So is Trump bragging that he’s getting Saudi Arabia to foot the bill for U.S. troops he’s sending over there really a good thing?
The Saudis are paying the bill! Whoo-hoo! Wait a sec. Doesn’t that make them Trump’s boss? Not just nominally? And what happens if the U.S. refuses to do the Saudis’ bidding at some point? Do they borrow another page out of the Trump playbook and stiff the U.S. for what they owe? Or does the U.S. military suck it up and act as a purely mercenary force with Trump as Commander-in-Chief?
There are just so many reasons this arrangement that Trump’s so proud of, is a crappy idea.
We understand why Trump likes it: it’s part of his new world order. Though at the same time, it’s incredibly hypocritical. Because at the same time as Trump is committing 1,800 U.S. soldiers to Saudi Arabia (whoever is paying for it), he’s also pulling the few U.S. troops left, out of Syria. BTW, he’s sending almost double the number of troops to Saudi Arabia that he’s pulling out of Syria.
And the reasons he’s using to justify that action, is pretty much exactly the opposite of how he’s justifying being in Saudi Arabia.
Trump Tweets “Endless Wars!”, but what we’ve seen in the past few days demonstrates the small U.S. presence remaining in Syria was actually preventing a war, since as soon as the U.S. left, Turkey launched a major offensive, which was no way not planned. Trump’s published a note, threatening Turkey with very, very bad economic things; pretending to be shocked and surprised. He shouldn’t be.
As the New York Times aptly puts it:
“Having essentially greenlighted the Turkish incursion a week ago, then threatening ruin to Turkey’s economy, on Monday Mr. Trump announced sanctions on Turkey, raising tariffs on steel and suspending negotiations on a $100 billion trade deal with Ankara.”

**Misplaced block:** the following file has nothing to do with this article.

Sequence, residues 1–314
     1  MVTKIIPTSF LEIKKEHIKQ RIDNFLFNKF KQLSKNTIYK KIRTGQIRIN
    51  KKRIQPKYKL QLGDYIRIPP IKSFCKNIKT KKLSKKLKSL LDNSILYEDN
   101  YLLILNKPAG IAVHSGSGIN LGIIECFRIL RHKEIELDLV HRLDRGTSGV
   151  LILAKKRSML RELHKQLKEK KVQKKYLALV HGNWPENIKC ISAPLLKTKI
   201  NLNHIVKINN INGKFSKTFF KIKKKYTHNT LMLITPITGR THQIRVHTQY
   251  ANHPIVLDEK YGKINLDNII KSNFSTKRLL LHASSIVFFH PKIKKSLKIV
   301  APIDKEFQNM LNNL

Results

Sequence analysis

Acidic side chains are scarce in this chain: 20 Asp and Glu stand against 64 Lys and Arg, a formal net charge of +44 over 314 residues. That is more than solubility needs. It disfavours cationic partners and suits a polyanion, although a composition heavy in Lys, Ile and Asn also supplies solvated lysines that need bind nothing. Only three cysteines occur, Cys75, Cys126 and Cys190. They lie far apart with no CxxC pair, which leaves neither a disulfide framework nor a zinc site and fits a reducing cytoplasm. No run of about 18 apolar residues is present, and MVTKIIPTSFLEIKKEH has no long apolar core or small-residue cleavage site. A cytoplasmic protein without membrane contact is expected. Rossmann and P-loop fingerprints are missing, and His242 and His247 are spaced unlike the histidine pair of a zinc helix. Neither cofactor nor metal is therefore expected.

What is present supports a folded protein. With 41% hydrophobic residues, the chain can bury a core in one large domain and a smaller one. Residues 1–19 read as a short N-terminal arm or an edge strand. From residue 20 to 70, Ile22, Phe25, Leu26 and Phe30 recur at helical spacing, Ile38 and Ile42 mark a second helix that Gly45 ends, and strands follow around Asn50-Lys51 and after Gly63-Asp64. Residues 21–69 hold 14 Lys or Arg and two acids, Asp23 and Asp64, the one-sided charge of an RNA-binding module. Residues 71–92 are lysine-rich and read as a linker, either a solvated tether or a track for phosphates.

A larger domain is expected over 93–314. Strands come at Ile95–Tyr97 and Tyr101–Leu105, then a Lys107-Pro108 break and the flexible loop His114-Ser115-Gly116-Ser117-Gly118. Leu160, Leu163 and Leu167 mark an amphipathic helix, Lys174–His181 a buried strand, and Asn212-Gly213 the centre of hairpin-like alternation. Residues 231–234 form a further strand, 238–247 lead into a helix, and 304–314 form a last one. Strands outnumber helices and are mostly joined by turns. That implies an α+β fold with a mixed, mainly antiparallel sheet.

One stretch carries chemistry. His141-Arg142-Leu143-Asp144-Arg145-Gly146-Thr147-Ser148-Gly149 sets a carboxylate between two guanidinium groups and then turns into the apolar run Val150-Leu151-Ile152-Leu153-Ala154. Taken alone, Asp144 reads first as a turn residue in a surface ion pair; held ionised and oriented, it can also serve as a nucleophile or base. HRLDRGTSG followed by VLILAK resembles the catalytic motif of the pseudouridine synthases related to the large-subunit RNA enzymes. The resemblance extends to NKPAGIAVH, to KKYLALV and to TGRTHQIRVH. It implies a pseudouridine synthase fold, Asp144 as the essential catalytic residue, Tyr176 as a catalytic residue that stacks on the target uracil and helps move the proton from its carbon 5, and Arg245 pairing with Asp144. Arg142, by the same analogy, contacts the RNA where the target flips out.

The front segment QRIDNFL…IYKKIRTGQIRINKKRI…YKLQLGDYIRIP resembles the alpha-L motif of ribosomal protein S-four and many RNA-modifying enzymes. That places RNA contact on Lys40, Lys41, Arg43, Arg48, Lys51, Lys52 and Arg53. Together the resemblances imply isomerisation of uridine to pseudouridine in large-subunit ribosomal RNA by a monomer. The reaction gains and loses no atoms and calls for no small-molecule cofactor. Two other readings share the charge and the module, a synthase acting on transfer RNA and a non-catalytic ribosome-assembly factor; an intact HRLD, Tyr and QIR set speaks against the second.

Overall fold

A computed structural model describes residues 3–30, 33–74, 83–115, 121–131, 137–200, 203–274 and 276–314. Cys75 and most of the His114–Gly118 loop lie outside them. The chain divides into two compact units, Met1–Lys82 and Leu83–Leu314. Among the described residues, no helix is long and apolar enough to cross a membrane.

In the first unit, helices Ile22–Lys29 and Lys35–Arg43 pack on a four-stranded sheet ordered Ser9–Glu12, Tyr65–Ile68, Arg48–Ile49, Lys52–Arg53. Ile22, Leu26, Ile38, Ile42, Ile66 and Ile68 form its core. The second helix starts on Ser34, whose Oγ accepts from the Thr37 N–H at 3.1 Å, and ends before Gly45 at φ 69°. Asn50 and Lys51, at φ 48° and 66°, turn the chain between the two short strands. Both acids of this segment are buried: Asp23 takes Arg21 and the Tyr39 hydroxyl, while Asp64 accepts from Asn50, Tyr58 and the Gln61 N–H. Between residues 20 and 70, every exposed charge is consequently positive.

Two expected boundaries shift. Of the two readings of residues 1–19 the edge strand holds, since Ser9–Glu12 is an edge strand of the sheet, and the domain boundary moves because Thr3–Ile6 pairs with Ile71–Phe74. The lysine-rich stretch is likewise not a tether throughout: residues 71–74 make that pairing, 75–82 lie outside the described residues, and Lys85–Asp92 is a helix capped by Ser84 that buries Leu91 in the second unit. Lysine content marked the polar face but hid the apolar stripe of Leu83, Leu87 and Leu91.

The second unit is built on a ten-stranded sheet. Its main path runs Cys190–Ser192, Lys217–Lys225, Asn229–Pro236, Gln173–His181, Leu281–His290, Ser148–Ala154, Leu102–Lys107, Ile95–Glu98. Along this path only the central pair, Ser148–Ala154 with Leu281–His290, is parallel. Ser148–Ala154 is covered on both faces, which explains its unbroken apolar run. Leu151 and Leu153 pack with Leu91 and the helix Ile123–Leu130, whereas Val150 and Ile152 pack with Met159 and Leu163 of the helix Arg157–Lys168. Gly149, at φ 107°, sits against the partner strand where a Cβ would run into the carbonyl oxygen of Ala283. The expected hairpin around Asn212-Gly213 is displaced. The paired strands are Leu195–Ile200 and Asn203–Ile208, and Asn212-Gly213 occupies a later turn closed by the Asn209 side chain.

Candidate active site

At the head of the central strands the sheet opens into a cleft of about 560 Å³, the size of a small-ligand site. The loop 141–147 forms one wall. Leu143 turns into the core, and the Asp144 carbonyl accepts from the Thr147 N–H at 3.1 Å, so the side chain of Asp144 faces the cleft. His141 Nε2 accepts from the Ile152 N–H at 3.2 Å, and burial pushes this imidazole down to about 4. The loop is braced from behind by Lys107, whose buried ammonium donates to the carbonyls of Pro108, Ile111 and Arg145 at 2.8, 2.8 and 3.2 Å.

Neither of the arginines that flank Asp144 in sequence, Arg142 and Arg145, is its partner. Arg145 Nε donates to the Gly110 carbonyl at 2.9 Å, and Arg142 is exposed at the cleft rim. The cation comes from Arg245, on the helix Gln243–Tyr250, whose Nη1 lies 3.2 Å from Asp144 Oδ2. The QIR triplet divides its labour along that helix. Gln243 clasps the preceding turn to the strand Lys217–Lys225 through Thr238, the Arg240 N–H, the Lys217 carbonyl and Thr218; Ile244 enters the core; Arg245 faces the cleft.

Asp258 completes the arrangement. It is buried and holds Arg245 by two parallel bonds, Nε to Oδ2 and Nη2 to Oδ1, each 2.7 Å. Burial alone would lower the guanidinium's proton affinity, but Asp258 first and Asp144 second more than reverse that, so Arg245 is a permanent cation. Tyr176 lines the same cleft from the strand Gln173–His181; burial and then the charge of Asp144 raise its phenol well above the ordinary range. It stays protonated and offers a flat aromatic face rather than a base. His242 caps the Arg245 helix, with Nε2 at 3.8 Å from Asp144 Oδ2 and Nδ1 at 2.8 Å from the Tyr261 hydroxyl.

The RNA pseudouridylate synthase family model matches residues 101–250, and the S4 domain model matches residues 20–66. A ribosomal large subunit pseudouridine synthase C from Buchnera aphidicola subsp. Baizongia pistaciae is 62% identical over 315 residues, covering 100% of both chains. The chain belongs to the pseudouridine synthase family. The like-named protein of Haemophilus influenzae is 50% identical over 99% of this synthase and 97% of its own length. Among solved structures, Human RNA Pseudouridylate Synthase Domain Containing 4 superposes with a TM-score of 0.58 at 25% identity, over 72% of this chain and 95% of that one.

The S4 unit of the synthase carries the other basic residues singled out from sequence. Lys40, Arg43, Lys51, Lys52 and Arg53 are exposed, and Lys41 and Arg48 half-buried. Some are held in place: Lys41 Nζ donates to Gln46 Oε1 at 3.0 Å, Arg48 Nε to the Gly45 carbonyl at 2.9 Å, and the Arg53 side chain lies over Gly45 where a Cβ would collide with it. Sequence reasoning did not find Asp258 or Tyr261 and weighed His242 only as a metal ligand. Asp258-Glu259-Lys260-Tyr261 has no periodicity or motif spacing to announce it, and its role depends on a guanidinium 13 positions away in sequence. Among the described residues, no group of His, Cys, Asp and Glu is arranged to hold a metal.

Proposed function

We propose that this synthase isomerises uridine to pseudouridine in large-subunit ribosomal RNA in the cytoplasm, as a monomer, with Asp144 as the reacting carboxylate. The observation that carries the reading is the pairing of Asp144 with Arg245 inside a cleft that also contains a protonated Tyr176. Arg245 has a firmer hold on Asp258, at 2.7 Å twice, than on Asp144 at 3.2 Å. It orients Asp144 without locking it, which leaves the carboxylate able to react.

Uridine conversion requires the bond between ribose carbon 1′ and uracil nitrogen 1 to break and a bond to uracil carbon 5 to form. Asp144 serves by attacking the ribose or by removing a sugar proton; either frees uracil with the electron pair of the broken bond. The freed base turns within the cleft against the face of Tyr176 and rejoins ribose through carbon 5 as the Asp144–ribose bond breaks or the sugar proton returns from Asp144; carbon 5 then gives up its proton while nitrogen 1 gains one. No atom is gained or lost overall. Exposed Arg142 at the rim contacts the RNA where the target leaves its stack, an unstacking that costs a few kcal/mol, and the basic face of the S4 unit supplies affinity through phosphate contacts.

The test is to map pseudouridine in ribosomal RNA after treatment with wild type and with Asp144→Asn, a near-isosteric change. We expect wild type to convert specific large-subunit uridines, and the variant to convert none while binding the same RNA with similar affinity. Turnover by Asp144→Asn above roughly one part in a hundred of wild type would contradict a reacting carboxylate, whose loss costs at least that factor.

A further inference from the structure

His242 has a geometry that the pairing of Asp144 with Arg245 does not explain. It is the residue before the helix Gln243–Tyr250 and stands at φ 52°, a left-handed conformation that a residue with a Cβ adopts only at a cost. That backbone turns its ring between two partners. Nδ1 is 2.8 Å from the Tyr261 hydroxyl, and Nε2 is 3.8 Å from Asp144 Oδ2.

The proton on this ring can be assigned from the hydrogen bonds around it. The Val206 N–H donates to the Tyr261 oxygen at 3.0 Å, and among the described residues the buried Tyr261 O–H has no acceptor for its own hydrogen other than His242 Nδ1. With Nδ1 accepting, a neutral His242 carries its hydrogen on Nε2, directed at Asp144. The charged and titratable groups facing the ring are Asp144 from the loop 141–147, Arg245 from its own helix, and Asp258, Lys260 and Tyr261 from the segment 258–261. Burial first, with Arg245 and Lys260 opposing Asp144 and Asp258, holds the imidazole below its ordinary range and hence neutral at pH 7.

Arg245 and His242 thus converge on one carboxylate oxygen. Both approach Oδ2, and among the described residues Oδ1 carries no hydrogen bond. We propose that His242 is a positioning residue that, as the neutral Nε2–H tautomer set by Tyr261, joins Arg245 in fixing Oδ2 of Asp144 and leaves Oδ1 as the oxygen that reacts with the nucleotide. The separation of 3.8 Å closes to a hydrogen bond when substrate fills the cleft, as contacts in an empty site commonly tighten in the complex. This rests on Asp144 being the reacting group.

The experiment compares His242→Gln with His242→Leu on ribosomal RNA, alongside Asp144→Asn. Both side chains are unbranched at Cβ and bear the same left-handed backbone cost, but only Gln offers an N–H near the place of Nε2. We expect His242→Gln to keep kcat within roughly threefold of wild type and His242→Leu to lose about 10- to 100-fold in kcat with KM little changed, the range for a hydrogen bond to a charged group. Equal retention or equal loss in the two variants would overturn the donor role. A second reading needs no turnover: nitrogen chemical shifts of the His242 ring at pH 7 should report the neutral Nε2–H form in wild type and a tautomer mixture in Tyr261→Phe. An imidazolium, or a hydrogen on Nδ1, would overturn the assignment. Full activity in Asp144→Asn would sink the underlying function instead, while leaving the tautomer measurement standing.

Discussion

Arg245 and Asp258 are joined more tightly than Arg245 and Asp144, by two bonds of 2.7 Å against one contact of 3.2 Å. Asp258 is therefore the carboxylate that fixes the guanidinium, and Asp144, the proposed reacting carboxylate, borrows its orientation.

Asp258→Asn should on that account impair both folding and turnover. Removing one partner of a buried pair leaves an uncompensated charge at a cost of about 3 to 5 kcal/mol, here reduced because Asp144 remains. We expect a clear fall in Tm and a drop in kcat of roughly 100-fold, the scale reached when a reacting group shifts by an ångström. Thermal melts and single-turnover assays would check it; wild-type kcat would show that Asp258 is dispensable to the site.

Just a hunch on our part, but we still think Turkey’s going to get its U.S. made F-35 fighter jets, even though technically those deliveries are suspended right now. Just a hunch on our part, but we think supported by the fact that Trump makes no mention of those jets in his threatening note.
Meanwhile, putting a larger number of U.S. troops in Saudi Arabia increases the chances they’ll be involved in armed conflict there, because Iran’s been making a habit of taunting and doing damage to its adversaries in the region, principal among them being Saudi Arabia. And it’s been effective. Effective enough to get Trump to send troops over.
(Also, when Trump says someone agreed to do something, often it means just some kind of nebulous promise. So we’re hoping he holds up a check at some point signed by the Crown Prince, and what the President’s talking about isn’t just some Saudi pledge or something to at some point but more U.S. made arms.)
And anyway, if Trump is using as an excuse that Syria is “7,000 miles away!”, and the U.S. needs to singularly focus on “our Southern Border which abuts and is part of the United States of America”, you know who else is 7,000 miles away? Saudi Arabia.
If “Anyone who wants to assist Syria in protecting the Kurds is good with me, whether it is Russia, China, or Napoleon Bonaparte“, why isn’t the same true with protecting Saudi Arabia from Iran? Because they’ve got the cash to pay? Because they sit on a huge amount of all and it’s real important to Trump to make sure Americans don’t pay too much for gas?
What happens if Saudi Arabia wants to do something the U.S. doesn’t agree with? Or the U.S. military wants to do something the Saudis don’t like? (There’s a lot that could potentially fall into these categories: involving Yemen, involving Israel, involving Russia, involving Saudi Arabia internally).
We totally get that Trump wants NATO member countries to pay proportionally to their GDP to keep that organization operating. Having Saudi Arabia pay for the U.S. to act as bodyguards against Iran is a totally different thing. Especially when the President’s arguing at the same time that it was completely and utterly wrong for the U.S. to help the Kurds guard against annihilation by Turkey.